The resulting damage meant that La Coupole never came into active service, and by September 1994 it was captured by advancing Allied forces where it remained derelict until the mid-1990’S before being turned into a museum.
3 – Fortress of Mimoyecques
The Fortress of Mimoyecques is the modern name for a Second World War underground military complex built by the forces of Nazi Germany between 1943 and 1944. It was intended to house a battery of V-3 cannons aimed at London, 165 kilometres (103 mi) away. Originally codenamed Wiese (“Meadow”) or Bauvorhaben 711 (“Construction Project 711”), it is located in the commune of Landrethun-le-Nord in the Pas-de-Calais region of northern France, near the hamlet of Mimoyecques about 20 kilometres (12 mi) from Boulogne-sur-Mer. It was constructed by a mostly German workforce recruited from major engineering and mining concerns, augmented by prisoner-of-war slave labour.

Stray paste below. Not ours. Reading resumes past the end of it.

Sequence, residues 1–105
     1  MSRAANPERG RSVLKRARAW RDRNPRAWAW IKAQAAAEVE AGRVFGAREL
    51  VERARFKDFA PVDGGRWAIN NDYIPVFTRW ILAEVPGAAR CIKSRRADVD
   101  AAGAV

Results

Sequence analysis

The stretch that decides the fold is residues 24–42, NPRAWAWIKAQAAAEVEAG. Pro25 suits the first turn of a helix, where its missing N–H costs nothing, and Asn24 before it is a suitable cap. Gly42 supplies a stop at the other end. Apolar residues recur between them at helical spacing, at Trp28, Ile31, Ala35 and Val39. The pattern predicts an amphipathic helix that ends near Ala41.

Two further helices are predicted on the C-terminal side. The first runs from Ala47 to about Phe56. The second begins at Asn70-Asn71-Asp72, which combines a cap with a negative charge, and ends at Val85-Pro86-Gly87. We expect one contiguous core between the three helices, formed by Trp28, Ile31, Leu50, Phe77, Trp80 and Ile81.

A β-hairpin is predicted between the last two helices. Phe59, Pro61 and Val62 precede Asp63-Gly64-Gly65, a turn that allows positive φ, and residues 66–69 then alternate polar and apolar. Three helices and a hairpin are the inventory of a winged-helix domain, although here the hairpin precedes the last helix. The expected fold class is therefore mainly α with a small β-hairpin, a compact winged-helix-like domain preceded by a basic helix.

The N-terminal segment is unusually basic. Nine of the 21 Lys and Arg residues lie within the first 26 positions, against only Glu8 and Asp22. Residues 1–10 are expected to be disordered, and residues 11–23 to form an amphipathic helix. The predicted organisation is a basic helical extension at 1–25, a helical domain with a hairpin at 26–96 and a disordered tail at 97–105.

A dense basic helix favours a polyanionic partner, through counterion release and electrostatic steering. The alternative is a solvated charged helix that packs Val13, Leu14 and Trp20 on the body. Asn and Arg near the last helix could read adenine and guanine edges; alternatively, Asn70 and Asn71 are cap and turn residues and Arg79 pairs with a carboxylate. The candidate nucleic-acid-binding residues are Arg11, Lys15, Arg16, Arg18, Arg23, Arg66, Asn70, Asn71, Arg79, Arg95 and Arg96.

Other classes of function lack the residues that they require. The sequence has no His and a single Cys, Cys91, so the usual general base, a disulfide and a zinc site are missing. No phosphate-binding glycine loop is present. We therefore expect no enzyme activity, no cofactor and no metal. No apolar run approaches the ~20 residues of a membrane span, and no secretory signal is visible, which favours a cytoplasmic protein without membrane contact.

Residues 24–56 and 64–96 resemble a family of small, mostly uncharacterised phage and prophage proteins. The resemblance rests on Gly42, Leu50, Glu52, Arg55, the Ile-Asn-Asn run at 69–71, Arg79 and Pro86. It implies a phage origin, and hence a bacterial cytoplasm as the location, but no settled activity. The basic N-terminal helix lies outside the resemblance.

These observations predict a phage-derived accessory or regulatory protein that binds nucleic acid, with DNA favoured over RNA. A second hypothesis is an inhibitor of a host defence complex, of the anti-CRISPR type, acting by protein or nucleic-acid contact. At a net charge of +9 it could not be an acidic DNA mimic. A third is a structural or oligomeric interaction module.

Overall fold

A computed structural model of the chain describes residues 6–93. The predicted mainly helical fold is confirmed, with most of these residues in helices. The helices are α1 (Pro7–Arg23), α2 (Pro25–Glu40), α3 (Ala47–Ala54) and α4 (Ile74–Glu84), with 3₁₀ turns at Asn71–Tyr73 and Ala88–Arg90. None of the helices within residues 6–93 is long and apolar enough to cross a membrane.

The complex consists of a network of tunnels dug under a chalk hill, linked to five inclined shafts in which 25 V-3 guns would have been installed, all targeted on London. The guns would have been able to fire ten dart-like explosive projectiles a minute – 600 rounds every hour – into the British capital, which Winston Churchill later commented would have constituted “the most devastating attack of all”.
The Germans halted construction work at Mimoyecques as the Allies advanced up the coast following the Normandy landings. It fell to the Canadian 3rd Infantry Division on 5 September 1944 without resistance, a few days after the Germans withdrew from the area.
4 – Keroman Submarine Base
The Keroman Submarine Base is a Nazi U-boat base located on the Keroman peninsula in Lorient, France. Keroman was built between February 1941 and January 1942 and is comprised of three gigantic reinforced concrete structures, capable of protecting thirty docked submarines.
Between 14 January 1943 and 17 February 1943, Allied aircraft dropped as many as 500 high-explosive bombs and more than 60,000 incendiary bombs on Lorient; nearly 90% of the city was flattened .Although Lorient was heavily damaged, the heavy fortifications ensured that the naval base survived through to the end of the war.
After the war the base was rechristened “Base Ingénieur Général Stosskopf” and was used by the French Navy until 1997.